The average price for broadband in the UK has dropped since the start of the year (January 2007), with the big players in the broadband world making the big moves. The most notable drops in prices have come from BT, Tiscali and Virgin Media who have all reduced the cost of their basic packages, lowering them to £8.95, £7.99 and £10 respectively.
These recent changes in price show how competitive the broadband market is becoming now as each ISP is trying to win more business and increase their market share. It is worth noting however that with most of the packages, the price has only been reduced for a temporary period (normally 3/6 months) after which the monthly cost is increased to a set price for the remainder of the contract.
There are still also a number of broadband providers who claim to offer ‘free’ broadband, such as TalkTalk, Orange and Sky, although these offers are only part of a wider deal, i.e. included with their phone, cable or TV services. We at Top 10 Broadband have noticed a slight decline recently in ‘free’ broadband purchases, as customers seem to be moving back to paid-for services, possibly for a perceived better broadband service.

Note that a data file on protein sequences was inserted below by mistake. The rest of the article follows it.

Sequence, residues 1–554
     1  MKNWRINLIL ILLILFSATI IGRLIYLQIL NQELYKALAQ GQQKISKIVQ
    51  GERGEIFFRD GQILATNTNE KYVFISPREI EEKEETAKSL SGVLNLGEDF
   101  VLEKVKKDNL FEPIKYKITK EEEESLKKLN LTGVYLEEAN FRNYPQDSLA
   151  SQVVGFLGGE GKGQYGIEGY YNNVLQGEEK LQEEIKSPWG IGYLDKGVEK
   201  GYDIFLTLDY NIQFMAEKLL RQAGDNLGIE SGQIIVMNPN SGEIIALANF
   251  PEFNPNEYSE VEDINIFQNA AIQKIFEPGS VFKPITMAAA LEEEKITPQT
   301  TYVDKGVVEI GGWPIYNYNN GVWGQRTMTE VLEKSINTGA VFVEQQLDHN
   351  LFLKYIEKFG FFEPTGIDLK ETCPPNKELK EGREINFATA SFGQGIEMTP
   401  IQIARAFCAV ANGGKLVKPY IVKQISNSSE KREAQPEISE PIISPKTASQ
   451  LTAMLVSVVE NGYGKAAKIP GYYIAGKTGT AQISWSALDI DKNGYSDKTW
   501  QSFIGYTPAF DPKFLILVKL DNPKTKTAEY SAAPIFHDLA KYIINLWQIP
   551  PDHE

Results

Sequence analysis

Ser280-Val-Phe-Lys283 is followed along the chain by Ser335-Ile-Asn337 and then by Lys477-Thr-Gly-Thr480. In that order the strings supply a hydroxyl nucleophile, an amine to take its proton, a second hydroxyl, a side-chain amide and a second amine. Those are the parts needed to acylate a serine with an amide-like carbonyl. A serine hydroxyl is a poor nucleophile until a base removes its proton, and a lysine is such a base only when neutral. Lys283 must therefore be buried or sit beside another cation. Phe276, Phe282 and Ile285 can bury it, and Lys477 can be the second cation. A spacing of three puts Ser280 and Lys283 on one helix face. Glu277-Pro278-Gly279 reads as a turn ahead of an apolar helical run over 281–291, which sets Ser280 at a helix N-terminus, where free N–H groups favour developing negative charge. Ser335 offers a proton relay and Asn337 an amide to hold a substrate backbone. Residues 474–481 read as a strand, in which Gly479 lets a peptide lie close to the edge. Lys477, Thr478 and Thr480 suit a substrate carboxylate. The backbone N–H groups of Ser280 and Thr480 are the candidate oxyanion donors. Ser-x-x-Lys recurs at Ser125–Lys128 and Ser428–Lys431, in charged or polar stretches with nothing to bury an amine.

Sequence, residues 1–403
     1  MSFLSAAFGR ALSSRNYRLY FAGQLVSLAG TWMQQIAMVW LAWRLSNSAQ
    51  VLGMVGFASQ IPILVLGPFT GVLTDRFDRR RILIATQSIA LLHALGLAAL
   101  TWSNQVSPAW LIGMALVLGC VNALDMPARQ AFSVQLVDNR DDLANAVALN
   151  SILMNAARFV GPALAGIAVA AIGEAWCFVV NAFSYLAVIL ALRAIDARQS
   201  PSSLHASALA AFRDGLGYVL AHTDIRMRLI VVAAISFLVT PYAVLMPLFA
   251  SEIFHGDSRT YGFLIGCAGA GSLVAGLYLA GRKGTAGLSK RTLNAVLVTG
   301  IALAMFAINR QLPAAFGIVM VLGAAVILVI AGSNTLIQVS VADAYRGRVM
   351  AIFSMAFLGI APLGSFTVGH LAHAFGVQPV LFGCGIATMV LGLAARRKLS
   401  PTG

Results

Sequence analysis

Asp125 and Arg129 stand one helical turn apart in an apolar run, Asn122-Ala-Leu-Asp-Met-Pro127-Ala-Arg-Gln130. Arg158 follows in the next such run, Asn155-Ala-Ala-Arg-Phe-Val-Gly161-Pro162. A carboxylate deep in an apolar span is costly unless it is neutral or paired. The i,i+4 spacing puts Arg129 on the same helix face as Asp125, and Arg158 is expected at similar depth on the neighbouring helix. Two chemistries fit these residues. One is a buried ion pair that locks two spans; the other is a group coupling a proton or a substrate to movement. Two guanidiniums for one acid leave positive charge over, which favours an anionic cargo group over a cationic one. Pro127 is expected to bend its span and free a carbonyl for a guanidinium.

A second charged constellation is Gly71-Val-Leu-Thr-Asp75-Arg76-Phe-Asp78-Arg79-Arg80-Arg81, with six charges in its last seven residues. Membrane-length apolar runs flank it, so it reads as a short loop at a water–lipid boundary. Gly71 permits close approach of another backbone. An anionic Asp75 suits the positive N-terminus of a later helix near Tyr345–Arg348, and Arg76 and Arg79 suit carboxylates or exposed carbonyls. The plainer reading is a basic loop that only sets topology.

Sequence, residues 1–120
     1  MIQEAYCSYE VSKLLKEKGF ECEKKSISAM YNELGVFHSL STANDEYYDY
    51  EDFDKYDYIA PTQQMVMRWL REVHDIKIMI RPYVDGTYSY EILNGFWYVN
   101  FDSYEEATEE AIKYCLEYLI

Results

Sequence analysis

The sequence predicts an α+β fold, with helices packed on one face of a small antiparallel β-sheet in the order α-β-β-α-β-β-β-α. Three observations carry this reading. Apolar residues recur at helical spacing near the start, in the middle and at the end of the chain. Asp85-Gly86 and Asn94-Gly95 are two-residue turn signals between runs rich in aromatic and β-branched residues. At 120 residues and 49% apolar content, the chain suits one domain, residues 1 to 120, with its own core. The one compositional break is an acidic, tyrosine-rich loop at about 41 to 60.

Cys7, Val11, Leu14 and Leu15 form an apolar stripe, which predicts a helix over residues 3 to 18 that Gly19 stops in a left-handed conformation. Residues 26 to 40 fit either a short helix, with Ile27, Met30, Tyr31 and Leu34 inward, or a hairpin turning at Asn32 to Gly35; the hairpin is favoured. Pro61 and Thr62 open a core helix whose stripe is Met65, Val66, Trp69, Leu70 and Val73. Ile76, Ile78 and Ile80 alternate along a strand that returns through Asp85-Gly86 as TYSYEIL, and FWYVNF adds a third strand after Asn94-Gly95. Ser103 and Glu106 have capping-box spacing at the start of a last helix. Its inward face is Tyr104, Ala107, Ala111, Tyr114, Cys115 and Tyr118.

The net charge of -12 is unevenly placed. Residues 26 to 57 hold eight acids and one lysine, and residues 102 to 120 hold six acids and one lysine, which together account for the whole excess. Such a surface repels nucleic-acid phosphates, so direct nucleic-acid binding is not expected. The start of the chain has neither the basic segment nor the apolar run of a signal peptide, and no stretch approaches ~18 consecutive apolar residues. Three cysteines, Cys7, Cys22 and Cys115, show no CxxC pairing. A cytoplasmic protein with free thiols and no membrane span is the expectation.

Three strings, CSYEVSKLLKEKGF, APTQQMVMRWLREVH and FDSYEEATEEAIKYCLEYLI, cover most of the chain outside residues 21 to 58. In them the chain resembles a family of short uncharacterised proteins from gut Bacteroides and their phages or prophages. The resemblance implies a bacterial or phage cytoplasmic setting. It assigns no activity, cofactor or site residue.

Even though broadband prices are dropping and ‘free’ is still de rigeur, Britons are still paying far more for their connections than our western European counterparts (except Spain). Countries such as France, Germany and Italy all pay less for their broadband services and in most cases have a much better average line speed. As mentioned in the article Britons being ripped off by broadband on the 25th June, France who as stated pay less, have an average line speed of 17.6Mb/s compared to the UK’s average of 2.6Mb/s.
The next couple of years of broadband in the UK are sure to be interesting as the need to reduce costs is evident, whilst increased line speed is becoming more and more essential, especially as IPTV becomes more prominent. The UK needs some serious investment in its broadband capabilities or it is likely to fall way behind the standards in other countries, this in turn is likely to have significant economical ramifications.
What do you think is going to happen to UK broadband over the next couple of years? Let your feelings known by leaving your comments below.
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